Home field an advantage for the Patriots

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Home field an advantage for the Patriots

FOXBORO -- In the week leading up to the AFC Championship game, teams will accept any legal advantage they can get. Even if it's something as simple as being comfortable in your surroundings leading up to the game, they'll take it.

"Anytime you are playing at home this time of year is a key thing," Wes Welker said on Thursday. "Getting the fans into it and being able to play at home and practice at your own field and your own stadium and prepare for the game at your own place and all those things are good. We just have to make sure to take advantage of it."

In a way, the Patriots have their AFC title game opponents, the Ravens, to thank for their home field advantage. Of course, the Patriots earned their 12-4 record and their No. 2 seed in the AFC playoffs. But if the Ravens hadn't beaten the Broncos in last week's AFC Divisional Round, New England would be leaving on a plane soon for Denver.

The benefits of playing on home field? There are the old standbys: Crowd noise, energy and, as Welker noted, home cooking. 
"We have great fans always coming out, high energy," Patriots defensive end Rob Ninkovich said. "Its going to be another huge game here at Gillette, so I think that everyones going to be jacked up."

But that energy hasn't always translated to wins in the playoffs. The Patriots have made the postseason each of the last four seasons, but in that time they've never had to play a playoff game on the road. They lost to the Ravens in January of 2010. They lost to the Jets in January of 2011. And last season they beat the Broncos and Ravens at home before going to the Super Bowl.

As their record shows, home field doesn't always guarantee success. And the Patriots know it.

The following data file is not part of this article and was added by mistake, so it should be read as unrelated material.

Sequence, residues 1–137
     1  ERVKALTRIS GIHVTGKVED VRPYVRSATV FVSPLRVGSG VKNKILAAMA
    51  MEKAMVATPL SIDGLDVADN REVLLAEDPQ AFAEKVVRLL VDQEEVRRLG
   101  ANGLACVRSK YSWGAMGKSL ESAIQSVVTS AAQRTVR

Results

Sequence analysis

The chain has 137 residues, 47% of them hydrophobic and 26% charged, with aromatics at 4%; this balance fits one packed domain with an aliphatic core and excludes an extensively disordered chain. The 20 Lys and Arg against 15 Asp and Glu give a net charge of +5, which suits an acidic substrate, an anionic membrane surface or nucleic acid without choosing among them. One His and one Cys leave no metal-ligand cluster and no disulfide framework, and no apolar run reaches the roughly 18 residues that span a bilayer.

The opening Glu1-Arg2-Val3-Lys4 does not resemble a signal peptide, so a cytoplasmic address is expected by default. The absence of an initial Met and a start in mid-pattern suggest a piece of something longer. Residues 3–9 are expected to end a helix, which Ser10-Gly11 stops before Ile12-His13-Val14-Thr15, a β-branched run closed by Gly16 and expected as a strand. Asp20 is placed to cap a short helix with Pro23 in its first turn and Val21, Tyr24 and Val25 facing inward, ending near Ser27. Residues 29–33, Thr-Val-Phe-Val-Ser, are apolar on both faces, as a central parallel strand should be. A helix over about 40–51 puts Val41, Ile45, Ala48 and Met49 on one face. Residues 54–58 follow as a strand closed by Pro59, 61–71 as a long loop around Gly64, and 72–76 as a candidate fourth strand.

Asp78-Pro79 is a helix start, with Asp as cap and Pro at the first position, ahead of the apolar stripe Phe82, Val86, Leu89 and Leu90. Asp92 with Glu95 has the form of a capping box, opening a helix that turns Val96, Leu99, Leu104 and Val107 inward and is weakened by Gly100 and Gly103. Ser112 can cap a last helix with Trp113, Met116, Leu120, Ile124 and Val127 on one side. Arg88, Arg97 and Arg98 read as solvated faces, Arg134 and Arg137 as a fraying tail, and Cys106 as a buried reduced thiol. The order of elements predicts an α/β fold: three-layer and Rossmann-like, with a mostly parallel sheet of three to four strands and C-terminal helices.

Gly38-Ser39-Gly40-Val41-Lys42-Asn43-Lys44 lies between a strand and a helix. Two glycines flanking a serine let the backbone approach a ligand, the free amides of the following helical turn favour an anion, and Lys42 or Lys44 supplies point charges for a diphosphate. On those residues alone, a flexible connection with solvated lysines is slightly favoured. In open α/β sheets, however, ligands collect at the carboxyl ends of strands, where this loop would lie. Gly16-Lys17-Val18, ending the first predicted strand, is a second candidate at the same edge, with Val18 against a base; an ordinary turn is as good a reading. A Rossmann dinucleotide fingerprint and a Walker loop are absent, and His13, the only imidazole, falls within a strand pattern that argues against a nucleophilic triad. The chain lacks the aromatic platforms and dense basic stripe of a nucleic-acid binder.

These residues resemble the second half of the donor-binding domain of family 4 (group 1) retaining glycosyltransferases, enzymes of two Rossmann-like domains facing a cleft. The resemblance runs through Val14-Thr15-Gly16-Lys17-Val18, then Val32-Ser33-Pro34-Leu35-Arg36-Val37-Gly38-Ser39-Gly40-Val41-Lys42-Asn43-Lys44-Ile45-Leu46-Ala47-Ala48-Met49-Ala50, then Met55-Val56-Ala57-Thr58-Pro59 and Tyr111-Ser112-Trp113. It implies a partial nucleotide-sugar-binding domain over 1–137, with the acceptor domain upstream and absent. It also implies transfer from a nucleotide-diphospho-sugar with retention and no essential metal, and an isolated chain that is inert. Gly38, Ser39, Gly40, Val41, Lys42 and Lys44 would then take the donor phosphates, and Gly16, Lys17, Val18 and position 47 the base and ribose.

"Its good that we get to stay home, but once you get out there on the field, you have two teams going at it, all playing for one common goal," said Patriots safety Devin McCourty. "I dont care where you play; its not going to change how one team comes out.

"Just because you're at home doesnt mean you're going to be more prepared than the team thats on the road. I think the team were playing now shows that. Theyve won a lot of road playoff games over the last couple years, so I dont think the home field advantage will really be that much of a difference as far as assuming since were at home were going to win."

It doesn't mean that there's no such thing as home field advantage. Only that it has its limitations. Welker said that as nice as it is to prepare for a home game at home, once the ball is kicked, the advantage stops there.

"Not really, not once the game starts," Welker said when asked if he puts stock in home field advantage. "Its a game and you prepare and you just have to go out there and execute the way you did in practice the whole week."

Bruins bouncing between left wings Schaller and Spooner on Krejci line

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Bruins bouncing between left wings Schaller and Spooner on Krejci line

BRIGHTON, Mass. – It certainly doesn’t feel like it will go on forever this way for the Bruins, but at this point it’s essentially a case of musical left wings on the David Krejci line as it’s been for much of this season. 

Ryan Spooner has spent the majority of the season adjusting to playing the wing with Krejci, and has been just okay trying to play away from his natural center spot while using his speed and playmaking on the wing. But the speedy Spooner also spent his share of time lately on the fourth line after getting off to a slow offensive start this season with three goals and eight points along with a minus-1 rating in 23 games. 

The bouncing between the second and fourth line has undoubtedly been frustrating for the 24-year-old getting pushed off his natural position after posting 49 points in his first full year as a third line center. But Spooner has continued to toe the company line, work on keeping his confidence high for a productive offensive season and do what he needs to in an effort to get off a fourth line.